1. Yves Smith Post author

      Match for that straw? Your opening remark is a fabrication.

      It appears you don’t know our history of examining technical matters with respect to finance and international negotiations. I suggest you read our considerable record before casting unwarranted aspersions. Taking interest in a topic does not amount to advocacy, witness for instance our extensive analysis of the Greek bailout negotiations in 2015.

      The fact that we’ve bothered to write about the decree seriously does not mean that we ever said it would necessarily be used to inflict large scale harm. We said it had the potential to but it depended how Russia defined the nexus of the sanctions related to predicate acts (thefts).

      We never said it was awesome. We said from the get go it could be significant since it provides for the termination of all Russian transactions with a thieving party and persons/entities it does business with. However we clearly stated that Russia would not use it against the perps of its biggest theft, that of the heist of its $300 billion in FX reserves, because Russia would want and need to maintain relations with Western banks. If nothing else, it would like to be able to recycle the dollar and euro surpluses it is continuing to accumulate.

      We did correctly anticipate that Russia would go after the Gazprom asset heist.

      We also very clearly said that the way the initial decree was written that it would extend to certain parties that did business with whoever stole from Russia, but how that would be interpreted was up in the air.

      The sanctions require Russian persons to no longer do business with these entities and effectively go one hop in business relations beyond that. We won’t know what that means until Russia and Russian persons either just stop doing business and/or send cancellation notices to affected parties.

      Finally, Russia’s patten has been to escalate gradually and the ten days that Putin gave for coming up with a list does not mean this list is the final one. In his edict he require that additional criteria be stipulated too.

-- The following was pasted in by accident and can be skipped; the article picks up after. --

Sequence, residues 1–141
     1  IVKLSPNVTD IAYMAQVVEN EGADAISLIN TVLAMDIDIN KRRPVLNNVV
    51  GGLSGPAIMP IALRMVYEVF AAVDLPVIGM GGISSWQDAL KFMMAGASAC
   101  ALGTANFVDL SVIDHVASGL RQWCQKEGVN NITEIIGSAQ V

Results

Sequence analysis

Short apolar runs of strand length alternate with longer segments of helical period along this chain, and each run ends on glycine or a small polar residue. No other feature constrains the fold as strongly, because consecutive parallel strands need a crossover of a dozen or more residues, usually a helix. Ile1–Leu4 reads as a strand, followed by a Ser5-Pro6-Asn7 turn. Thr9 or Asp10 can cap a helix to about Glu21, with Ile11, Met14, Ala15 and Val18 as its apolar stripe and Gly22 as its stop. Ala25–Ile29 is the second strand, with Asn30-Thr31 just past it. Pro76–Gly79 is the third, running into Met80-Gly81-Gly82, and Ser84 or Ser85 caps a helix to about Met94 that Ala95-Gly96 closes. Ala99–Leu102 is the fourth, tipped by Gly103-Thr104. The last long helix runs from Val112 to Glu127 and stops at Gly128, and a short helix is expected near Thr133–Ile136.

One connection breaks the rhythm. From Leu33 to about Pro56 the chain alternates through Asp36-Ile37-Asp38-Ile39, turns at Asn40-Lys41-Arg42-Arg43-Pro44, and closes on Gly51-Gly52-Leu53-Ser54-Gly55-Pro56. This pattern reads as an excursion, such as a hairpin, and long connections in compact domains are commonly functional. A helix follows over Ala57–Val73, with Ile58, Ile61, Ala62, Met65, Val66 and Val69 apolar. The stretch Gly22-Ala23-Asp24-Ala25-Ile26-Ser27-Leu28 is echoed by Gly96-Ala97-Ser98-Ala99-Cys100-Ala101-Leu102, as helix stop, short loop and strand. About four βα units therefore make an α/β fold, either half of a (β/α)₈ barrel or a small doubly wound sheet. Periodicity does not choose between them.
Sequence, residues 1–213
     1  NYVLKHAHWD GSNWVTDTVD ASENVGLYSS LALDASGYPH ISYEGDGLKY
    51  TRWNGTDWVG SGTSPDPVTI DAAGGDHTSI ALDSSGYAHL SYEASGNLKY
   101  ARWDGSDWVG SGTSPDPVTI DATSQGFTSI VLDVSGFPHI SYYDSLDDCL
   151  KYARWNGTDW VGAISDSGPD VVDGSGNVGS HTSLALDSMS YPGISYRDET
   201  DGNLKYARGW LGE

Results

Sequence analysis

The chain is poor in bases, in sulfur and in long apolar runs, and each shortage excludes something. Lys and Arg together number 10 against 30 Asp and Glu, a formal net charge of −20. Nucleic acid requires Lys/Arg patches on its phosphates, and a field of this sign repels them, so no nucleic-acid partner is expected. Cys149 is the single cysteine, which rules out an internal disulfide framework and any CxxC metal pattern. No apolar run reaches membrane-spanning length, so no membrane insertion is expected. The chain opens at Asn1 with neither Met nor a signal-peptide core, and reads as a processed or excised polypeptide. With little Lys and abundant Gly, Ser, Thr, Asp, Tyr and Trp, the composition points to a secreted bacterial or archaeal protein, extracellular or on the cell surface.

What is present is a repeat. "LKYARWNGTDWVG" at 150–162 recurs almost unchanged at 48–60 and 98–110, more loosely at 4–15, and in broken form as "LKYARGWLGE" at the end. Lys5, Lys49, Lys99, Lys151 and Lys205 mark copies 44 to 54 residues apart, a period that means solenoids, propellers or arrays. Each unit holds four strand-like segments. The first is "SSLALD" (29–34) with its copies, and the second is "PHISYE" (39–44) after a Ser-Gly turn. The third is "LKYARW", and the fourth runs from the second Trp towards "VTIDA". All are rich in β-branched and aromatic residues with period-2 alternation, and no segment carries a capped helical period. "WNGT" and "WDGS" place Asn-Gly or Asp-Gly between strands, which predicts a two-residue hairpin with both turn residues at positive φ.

Note this list was delivered in eight. days That may be because Putin has wanted his comparatively simple gas for roubles scheme to be detailed in ten days too and it wasn’t and there was some unhappiness about that.

      I am in no position to know whether Russia has other examples of sanctions-related thefts besides the FX reserves heist and Gazprom. For instance, Russia could conceivably target US defense contractors for commodities purchases (among other things), at least if they contract directly with the US government, since the US government ordered the sanctions. However, the critical materials they buy from Russia are (presumably) widely traded commodities, and it’s not clear that they or their suppliers have a direct enough nexus to Russian “persons” for cutting those ties to have a price/convenience impact on US arms makers. But this discussion should make clear that the retaliatory sanctions as written allow Russia to deem any business that gets revenues from the Federal government as one that could be sanctioned.

      If Finland does join NATO, Russia is likely to respond somehow and this sort of thing could be part of that response.

      1. digi_owl

        Russia seems to have stopped selling electricity to Finland, and thus Nord Pool.

  13. Melvin

    Short version: Germany seizes gas pipelines and distribution facilities.

    Russia turns off gas, rendering them useless.

  14. YassineA

    re : Gazprom Marketing & Trading France SAS

    The official website states that it is a company providing gas supply to business from SMEs to big companies that was founded in 2011.

    As it is a SAS company (sociétés par action simplifiée), its annual financial statements public and the last five one can be downloaded from .

    The turnover varied between 7M € and 11 M€ from 2012 to 2018 but then shot up to 269 M€ in 2019 and 312 M€ in 2020, which could be explained by signing a contract with large industrial customer. However, what is weird is that payroll stayed the same between 2018 and 2020 at around 3 M€. And even weirder is that the company was profitable between 2012 and 2018 and then started losing money in 2019 and 2020.

  15. Paula

    I have a hard time blaming countries like Russia or any others defending themselves against a world takeover of resources. USA wants to take over the threshing floor of the world and control all of us who depend on it. I am not communist nor socialist. And not too sure of democracy any more. I think it totally wrong for world to depend on USA. See this agriculturalist, with his beautiful Georgia accent and what he has to say about feeding the world.

    1. Samuel Conner

      Thanks for that link. One can hope that a new generation of ag students coming through the schools will learn these methods.

      The “you can’t feed the world that way” objection has another and perhaps more compelling response — one can’t feed the world via present day industrial ag methods for much longer either — those methods are not sustainable.